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Attention is critical for successful performance in demanding real-world situations. Yet, protracted periods of high demand may compromise attention and increase off-task thinking. Herein, we investigate if mindfulness training (MT) may promote cognitive resilience by curbing attentional lapses in high-stress cohorts. Two military cohorts were recruited during their high-stress predeployment interval. Mindfulness-based Mind Fitness Training (MMFT)® was provided to one group (MT, N = 31) but not the other group (military control group, MC, N = 24). The MT group attended an 8-week MMFT® course and logged the amount of out-of-class time spent practicing formal MT exercises. The Sustained Attention to Response Task (SART) was used to index objective attentional performance and subjective ratings of mind wandering before (T1) and after (T2) the MT course. In the MT group, changes in SART measures correlated with the amount of time spent engaging in MT homework practice, with greater objective performance benefits (indexed by A′, a sensitivity measure), and reduced subjective reports of mind wandering over time in those who engaged in high practice vs. low practice. Performance measures in the low practice and MC groups significantly declined from T1 to T2. In contrast, the high practice group remained stable over time. These results suggest that engaging in sufficient MT practice may protect against attentional lapses over high-demand intervals. Based on these results, we argue that MT programs emphasizing greater engagement in mindfulness practice should be further investigated as a route by which to build cognitive resilience in high-stress cohorts.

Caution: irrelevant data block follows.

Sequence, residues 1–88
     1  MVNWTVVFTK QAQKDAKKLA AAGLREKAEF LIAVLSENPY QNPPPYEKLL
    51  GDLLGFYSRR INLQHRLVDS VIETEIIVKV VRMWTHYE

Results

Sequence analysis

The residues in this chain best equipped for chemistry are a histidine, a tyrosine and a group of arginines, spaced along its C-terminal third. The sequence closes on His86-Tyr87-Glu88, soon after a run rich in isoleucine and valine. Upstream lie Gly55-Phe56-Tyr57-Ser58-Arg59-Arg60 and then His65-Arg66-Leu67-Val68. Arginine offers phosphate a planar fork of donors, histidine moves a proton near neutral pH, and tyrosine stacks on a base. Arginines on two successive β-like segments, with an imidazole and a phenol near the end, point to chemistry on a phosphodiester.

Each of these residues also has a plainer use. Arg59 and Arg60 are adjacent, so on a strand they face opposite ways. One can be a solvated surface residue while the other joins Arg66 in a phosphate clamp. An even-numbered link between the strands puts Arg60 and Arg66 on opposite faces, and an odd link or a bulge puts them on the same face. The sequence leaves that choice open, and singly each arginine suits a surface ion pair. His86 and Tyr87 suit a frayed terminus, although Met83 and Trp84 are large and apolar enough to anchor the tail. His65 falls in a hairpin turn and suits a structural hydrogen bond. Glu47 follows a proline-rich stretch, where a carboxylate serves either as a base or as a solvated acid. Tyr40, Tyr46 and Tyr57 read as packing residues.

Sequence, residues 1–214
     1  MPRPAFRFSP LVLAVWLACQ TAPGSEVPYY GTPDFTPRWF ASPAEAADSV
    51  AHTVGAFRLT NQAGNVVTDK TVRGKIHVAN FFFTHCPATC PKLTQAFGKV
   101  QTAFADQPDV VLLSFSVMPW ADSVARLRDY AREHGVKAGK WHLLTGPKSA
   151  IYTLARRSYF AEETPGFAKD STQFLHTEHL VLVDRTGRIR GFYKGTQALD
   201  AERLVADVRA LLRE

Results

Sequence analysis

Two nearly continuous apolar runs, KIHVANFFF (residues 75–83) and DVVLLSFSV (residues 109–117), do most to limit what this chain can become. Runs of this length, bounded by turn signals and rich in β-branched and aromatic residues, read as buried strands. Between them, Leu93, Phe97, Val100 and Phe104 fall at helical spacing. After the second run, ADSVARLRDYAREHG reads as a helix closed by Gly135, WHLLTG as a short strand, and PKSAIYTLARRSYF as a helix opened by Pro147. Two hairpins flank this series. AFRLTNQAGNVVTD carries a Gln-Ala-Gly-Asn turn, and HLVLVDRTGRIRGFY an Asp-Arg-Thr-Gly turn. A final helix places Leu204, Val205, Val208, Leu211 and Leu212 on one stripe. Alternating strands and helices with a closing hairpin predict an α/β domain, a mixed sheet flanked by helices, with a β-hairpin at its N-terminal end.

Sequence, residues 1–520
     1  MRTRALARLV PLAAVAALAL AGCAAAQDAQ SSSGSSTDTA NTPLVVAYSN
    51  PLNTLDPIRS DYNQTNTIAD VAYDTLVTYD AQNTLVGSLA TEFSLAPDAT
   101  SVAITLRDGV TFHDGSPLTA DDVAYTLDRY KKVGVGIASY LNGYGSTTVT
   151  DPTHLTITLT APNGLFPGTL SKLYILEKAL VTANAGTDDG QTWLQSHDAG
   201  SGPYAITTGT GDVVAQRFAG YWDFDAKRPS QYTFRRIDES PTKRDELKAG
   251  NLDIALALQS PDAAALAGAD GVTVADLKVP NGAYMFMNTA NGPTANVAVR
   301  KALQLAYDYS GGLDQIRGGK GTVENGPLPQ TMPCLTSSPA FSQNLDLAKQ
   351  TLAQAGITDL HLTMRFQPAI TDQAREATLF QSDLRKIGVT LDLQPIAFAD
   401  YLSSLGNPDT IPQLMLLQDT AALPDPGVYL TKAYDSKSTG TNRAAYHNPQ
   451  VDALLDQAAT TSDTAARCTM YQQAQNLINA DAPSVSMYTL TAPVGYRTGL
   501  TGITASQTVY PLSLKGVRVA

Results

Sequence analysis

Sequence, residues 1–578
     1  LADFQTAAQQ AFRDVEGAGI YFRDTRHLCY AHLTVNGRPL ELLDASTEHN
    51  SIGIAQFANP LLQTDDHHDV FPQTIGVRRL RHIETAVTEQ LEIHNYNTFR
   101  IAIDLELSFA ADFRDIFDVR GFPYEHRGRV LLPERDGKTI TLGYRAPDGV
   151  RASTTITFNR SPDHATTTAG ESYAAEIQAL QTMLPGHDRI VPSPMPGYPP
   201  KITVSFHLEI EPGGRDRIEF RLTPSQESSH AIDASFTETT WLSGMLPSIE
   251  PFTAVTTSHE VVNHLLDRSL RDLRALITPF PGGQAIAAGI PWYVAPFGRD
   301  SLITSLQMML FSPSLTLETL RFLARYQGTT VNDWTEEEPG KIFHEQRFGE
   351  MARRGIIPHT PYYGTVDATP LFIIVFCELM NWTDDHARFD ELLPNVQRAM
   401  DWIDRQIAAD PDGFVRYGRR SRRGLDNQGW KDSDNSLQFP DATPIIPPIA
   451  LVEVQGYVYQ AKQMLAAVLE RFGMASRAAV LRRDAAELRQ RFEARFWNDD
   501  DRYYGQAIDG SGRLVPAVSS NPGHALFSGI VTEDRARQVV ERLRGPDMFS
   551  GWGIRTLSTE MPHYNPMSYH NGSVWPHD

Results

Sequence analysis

Mindfulness training (MT) is a form of mental training in which individuals engage in exercises to cultivate an attentive, present centered, and non-reactive mental mode. The present study examines the putative benefits of MT in University students for whom mind wandering can interfere with learning and academic success. We tested the hypothesis that short-form MT (7 h over 7 weeks) contextualized for the challenges and concerns of University students may reduce mind wandering and improve working memory. Performance on the sustained attention to response task (SART) and two working memory tasks (operation span, delayed-recognition with distracters) was indexed in participants assigned to a waitlist control group or the MT course. Results demonstrated MT-related benefits in SART performance. Relative to the control group, MT participants had higher task accuracy and self-reported being more “on-task” after the 7-week training period. MT did not significantly benefit the operation span task or accuracy on the delayed-recognition task. Together these results suggest that while short-form MT did not bolster working memory task performance, it may help curb mind wandering and should, therefore, be further investigated for its use in academic contexts.